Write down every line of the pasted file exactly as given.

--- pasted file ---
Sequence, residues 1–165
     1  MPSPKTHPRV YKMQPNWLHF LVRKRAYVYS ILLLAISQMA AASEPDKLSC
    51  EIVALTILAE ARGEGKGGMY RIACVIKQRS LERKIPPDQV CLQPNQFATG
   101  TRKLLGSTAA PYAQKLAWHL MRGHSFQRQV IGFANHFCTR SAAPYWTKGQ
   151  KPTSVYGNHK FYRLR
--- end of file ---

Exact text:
Sequence, residues 1–165
     1  MPSPKTHPRV YKMQPNWLHF LVRKRAYVYS ILLLAISQMA AASEPDKLSC
    51  EIVALTILAE ARGEGKGGMY RIACVIKQRS LERKIPPDQV CLQPNQFATG
   101  TRKLLGSTAA PYAQKLAWHL MRGHSFQRQV IGFANHFCTR SAAPYWTKGQ
   151  KPTSVYGNHK FYRLR